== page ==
For me it doesn't make a difference to be a Spanish white man from Spain, who cares? racism is racism, and black, brown or white Spanish doesn't matter, if anyone wants to make a difference, we are a culture all Spanish people, have to make the difference, because white America, will do anything to divide us. They will say, you are from Spain and you are better than Mexicans or Puerto Ricans or the other way around. This is the time, regardless of our ideas, when we have to stand together, because if we don't, tomorrow may be your son, brother etc, just remember, they divide you today, tomorrow it won't matter if you are better or not, you are just that, Spanish or Latino

‎"White Hispanic" – a person who is able to change a Latino surname in exchange for a 'proper' English one to avoid discrimination and is able through his or her physical appearance to assimilate into the politically dominant culture -white.

The real issue is this: labels do nothing to help us dissect a tragedy. But we can still have serious discussions about race in America, because no matter who you who are and with whom you identify with, racism affects us all, and for some, it can lead to tragic consequences.

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2 comments
Supergattone
Supergattone

As someone who is 75%Italian and 25% Austrian by blood I would really take offense if I wasn't considered Caucasian for the mere fact of speaking Spanish. This American categorisation of people based only on the language they speak is the most ridiculous ever! In my country, everyone speaks Spanish of course, yet you get all sorts of ethnicities, from Amerindians, to Afro descendants, Asians and European descendants like myself as well as all sorts of mixed- race possibilities in between. To fail to acknowledge something as obvious as this and pigeonhole everyone on the basis of their language spoken is sheer idiocy and ignorance.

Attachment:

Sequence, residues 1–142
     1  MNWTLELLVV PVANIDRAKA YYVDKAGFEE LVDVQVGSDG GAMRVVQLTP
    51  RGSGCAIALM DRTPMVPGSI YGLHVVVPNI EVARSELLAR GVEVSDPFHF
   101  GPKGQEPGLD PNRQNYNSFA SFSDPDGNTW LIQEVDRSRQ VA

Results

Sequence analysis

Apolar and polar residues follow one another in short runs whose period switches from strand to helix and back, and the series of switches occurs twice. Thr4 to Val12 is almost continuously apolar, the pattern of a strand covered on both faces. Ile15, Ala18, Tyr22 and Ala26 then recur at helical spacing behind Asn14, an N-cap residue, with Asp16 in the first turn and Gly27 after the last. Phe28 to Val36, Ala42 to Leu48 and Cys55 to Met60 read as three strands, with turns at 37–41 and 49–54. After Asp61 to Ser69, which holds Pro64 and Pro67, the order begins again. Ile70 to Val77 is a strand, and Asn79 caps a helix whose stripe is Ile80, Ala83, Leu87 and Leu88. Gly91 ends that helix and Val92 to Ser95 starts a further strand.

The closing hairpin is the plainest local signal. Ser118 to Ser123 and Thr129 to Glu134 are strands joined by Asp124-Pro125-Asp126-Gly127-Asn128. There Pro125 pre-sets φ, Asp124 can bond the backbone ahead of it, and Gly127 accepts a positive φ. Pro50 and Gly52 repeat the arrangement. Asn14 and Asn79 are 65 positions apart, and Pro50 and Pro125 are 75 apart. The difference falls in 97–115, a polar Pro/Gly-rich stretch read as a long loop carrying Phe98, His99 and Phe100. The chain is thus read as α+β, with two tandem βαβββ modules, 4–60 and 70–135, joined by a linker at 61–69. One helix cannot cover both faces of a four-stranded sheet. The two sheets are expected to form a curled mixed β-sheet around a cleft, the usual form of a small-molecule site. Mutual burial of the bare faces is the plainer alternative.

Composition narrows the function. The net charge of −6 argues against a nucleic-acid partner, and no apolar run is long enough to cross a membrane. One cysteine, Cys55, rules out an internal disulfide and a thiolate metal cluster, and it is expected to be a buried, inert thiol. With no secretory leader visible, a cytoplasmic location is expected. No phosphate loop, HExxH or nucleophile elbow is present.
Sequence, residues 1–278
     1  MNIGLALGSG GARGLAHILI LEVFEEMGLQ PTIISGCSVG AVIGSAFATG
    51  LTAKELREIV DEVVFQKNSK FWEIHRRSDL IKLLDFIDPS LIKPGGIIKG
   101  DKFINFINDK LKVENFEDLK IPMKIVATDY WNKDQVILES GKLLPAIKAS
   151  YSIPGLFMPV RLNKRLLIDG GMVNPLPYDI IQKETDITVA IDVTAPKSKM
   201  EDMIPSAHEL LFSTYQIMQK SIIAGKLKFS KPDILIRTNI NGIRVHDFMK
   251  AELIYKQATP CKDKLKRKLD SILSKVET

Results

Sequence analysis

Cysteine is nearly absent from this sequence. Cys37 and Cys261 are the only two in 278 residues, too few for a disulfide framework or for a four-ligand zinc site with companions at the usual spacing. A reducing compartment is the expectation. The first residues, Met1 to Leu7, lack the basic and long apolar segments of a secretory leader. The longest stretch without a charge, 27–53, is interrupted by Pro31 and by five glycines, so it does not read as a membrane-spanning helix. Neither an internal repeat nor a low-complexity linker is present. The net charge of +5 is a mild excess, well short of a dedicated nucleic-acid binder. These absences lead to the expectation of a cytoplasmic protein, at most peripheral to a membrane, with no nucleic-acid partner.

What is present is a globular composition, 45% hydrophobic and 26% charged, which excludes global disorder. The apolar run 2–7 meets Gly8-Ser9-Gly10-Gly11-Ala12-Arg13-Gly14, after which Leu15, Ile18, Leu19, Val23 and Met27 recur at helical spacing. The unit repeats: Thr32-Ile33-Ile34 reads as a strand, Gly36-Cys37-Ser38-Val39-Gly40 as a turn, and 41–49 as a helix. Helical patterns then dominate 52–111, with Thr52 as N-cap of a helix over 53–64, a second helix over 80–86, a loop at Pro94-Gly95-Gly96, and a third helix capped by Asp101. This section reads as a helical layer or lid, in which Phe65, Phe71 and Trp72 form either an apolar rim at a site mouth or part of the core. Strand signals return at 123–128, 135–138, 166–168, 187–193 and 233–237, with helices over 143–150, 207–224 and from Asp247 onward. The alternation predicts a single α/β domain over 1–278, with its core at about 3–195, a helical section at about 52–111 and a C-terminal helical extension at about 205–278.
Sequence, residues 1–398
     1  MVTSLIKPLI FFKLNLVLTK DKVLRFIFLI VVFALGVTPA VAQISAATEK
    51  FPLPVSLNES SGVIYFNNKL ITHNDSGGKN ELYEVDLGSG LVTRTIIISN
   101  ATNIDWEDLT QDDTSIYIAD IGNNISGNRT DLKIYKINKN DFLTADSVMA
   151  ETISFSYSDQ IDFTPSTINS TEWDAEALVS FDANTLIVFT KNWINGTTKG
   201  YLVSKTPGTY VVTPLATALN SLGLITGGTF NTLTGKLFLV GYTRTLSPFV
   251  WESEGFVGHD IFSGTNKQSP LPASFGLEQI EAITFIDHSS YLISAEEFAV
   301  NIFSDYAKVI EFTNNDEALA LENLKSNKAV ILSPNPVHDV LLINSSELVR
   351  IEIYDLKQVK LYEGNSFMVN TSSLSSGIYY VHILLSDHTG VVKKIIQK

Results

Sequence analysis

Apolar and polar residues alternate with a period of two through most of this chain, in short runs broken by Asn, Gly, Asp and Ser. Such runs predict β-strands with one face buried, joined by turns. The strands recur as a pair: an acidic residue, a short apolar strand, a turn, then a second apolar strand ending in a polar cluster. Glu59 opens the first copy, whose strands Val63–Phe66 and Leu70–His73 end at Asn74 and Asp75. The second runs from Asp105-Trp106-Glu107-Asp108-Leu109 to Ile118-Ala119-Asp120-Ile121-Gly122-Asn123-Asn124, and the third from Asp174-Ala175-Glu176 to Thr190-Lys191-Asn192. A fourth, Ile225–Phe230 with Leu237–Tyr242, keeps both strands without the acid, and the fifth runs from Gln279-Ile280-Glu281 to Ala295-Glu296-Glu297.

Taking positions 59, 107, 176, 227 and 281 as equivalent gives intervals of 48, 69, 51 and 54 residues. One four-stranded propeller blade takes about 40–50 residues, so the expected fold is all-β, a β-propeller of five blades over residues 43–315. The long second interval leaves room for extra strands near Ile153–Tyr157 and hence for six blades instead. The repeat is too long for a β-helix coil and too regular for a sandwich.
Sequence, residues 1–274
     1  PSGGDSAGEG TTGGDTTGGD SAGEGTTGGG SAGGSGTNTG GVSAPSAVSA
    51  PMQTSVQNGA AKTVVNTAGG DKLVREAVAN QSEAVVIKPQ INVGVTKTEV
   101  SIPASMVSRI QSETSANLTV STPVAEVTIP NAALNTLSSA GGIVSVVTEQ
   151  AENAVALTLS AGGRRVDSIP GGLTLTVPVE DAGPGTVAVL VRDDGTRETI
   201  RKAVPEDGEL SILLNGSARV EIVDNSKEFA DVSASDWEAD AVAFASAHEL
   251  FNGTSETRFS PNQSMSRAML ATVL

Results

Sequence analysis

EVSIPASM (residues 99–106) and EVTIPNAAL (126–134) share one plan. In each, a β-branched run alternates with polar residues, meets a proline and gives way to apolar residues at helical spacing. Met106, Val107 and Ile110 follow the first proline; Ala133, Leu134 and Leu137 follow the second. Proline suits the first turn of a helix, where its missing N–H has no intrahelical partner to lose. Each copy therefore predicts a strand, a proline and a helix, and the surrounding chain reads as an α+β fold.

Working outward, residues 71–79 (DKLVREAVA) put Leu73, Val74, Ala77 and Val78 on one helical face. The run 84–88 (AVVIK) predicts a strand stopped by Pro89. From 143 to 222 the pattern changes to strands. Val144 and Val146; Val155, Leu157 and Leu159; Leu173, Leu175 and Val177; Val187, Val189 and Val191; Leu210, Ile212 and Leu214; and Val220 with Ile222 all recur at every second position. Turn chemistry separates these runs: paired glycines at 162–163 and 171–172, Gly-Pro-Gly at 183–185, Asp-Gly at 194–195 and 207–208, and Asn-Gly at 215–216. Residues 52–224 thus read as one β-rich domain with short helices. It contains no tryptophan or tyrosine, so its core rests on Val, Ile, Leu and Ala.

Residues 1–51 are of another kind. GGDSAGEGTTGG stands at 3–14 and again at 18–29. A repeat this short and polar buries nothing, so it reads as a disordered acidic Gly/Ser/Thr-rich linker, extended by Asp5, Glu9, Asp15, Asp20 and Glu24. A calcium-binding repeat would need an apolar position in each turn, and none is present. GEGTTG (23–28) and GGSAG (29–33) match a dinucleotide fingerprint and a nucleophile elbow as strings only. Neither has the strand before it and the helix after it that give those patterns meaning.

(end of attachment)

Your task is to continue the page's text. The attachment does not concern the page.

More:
realequality
realequality

As far as I know, divisions and hostilities within the Spanish speaking and Latino global community are very old and not so much attrubutable to "white America". Latinos brought these attitudes with them to America. I don't doubt that some nefarious elements within white America would want to play upon these differences for their own political purposes, but you can't blame and historical inter-latino strife and latino racism on white Americans. For the latino community to try and resolve century old inter-latino prejudice by blaming white Americans for these divisions is an unhealthy and racist way for you to try and deal with that problem and only makes non-latino whites feel that they are being demonized and treated in a racist manner by latinos.